The disciplinary code is simple. Treat kids with respect. Treat them as adults. Then they will behave as adults. I had said and practiced that since my earliest years teaching. I wish I had known then the quote Rosenstock took from Voltaire to explain this, “suspicion invites treachery.” No School-to-prison pipeline here. In America these days that is simply not the case. Students and teachers alike are neither trusted nor respected.
Both groups are over-monitored, with evaluations tied to test results. Teachers have lost their creativity, fearful of firing. With teachers we need to be “evocative”. We need to be midwives and learn how they learned in HS, what were their most memorable experiences. “It was a project.” “I had a mentor.” “It involved community.” “There was risk of failure and recognition of success.” “There was a public exhibition…”
“This didn’t come from a state legislature or district office… we asked how you learned best and you are describing what we do here. What is stopping you from doing this? What do you love from outside of school? Bring it in. Integrate it. If we can connect what you really love to do with the subject you teach you will be more passionate.”
I learned how to teach when I was in second grade. I have often written and spoken about my second grade teacher, Rita Stafford, who taught us astronomy by allowing us to build a solar system that hung on our classroom ceiling. We learned about civil rights in 1956-7 not only by reading newspapers and learning about Birmingham and Little Rock, but by writing letters to President Eisenhower as concerned citizens.
We learned to love learning because of her passion and creativity, so often lost in today’s “Reform World.” Learning is best done “in the company of a passionate adult who is rigorously perusing inquiry in her subject matter and is inviting students along as peers in that discourse.”
“We know a good teacher by the sophistication of that teacher’s kid’s work. If a teacher’s work is worth doing, has lasting value… and learning that is worth learning… he or she is a good teacher.” Ms. Stafford was. So, I hope, was I because of what I did following those models.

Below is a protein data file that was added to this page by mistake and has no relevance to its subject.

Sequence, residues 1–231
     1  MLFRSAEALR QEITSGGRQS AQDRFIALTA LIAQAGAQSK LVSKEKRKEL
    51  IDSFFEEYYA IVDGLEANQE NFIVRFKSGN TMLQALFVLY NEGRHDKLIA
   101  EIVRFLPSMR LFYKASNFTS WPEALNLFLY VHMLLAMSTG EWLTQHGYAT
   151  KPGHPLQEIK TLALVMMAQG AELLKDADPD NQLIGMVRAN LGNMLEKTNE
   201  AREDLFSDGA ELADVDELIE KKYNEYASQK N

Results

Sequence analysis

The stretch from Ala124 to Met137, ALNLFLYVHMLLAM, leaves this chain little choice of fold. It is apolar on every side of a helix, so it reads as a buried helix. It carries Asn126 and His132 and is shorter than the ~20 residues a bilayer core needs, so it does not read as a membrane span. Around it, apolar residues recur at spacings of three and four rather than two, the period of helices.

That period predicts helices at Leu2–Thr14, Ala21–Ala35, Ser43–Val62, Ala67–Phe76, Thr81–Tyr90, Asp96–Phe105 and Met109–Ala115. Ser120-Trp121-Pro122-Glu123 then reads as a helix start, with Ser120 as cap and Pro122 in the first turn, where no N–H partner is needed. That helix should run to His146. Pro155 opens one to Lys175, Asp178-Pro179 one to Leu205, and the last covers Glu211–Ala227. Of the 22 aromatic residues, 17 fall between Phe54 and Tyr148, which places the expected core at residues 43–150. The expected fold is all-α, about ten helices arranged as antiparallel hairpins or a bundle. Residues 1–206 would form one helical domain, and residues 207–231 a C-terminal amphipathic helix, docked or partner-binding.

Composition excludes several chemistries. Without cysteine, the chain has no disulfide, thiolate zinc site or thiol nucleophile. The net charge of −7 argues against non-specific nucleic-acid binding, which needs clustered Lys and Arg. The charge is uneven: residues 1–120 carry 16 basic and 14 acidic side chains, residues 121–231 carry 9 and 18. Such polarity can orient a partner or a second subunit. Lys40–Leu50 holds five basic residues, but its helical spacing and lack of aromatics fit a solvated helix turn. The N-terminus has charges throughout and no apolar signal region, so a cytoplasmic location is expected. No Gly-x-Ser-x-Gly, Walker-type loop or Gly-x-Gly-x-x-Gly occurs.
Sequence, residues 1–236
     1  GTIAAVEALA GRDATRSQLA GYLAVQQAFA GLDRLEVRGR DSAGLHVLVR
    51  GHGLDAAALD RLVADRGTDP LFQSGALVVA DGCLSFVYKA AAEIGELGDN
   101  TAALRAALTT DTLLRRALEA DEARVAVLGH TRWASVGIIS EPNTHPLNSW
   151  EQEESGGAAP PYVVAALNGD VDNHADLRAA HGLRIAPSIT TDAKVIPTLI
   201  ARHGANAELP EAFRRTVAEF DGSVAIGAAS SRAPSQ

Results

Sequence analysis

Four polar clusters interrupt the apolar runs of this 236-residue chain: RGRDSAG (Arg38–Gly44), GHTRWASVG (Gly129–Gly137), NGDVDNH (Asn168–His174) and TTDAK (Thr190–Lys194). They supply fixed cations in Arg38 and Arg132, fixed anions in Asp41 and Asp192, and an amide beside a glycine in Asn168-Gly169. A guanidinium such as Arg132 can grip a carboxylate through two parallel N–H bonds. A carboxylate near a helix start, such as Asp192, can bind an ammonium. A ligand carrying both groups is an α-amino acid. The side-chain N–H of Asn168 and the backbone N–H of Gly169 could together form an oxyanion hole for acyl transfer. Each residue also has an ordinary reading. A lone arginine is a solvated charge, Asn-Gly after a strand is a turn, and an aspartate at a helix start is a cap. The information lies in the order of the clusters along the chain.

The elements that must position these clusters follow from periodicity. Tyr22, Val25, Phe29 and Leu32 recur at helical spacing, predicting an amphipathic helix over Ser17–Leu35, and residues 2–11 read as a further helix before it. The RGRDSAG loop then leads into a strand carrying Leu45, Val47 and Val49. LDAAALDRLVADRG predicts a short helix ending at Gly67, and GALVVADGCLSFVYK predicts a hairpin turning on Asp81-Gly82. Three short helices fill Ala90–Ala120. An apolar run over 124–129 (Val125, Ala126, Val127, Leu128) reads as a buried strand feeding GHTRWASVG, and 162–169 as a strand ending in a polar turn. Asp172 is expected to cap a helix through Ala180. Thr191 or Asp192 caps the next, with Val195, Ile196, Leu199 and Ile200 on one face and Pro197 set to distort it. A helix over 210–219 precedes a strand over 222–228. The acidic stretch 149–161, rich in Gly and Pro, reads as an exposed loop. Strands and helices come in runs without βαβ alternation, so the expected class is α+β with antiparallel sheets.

She, Mr. Rosenstock and I all want kids behaving like scientists, artists, and historians: not just studying the content, and doing only restrictive work that allows for success on multiple choice tests. What better way is there than through actually doing the work rather than learning about it? What better way is there than project learning or learning through internship programs, especially in high school? After all, “what is adolescence but trying on new roles and sampling identities? We must just give them the chance.”
But alas, our Ed reform history has been abysmal. From 1983’s Nation at Risk, to 2001’s No Child Left Behind, to 2009’s Race to The Top and Common Core, and now who knows what from anti public education public education secretary DeVos, we have eroded public education so much it has already started a free fall of students and teachers lost in the mud of “reform.”
I still believe we can recover. Join me in the fight, as Ms. Stafford did. As Mr. Rosenstock has. Rita Santos and countless others are the proof of the pudding.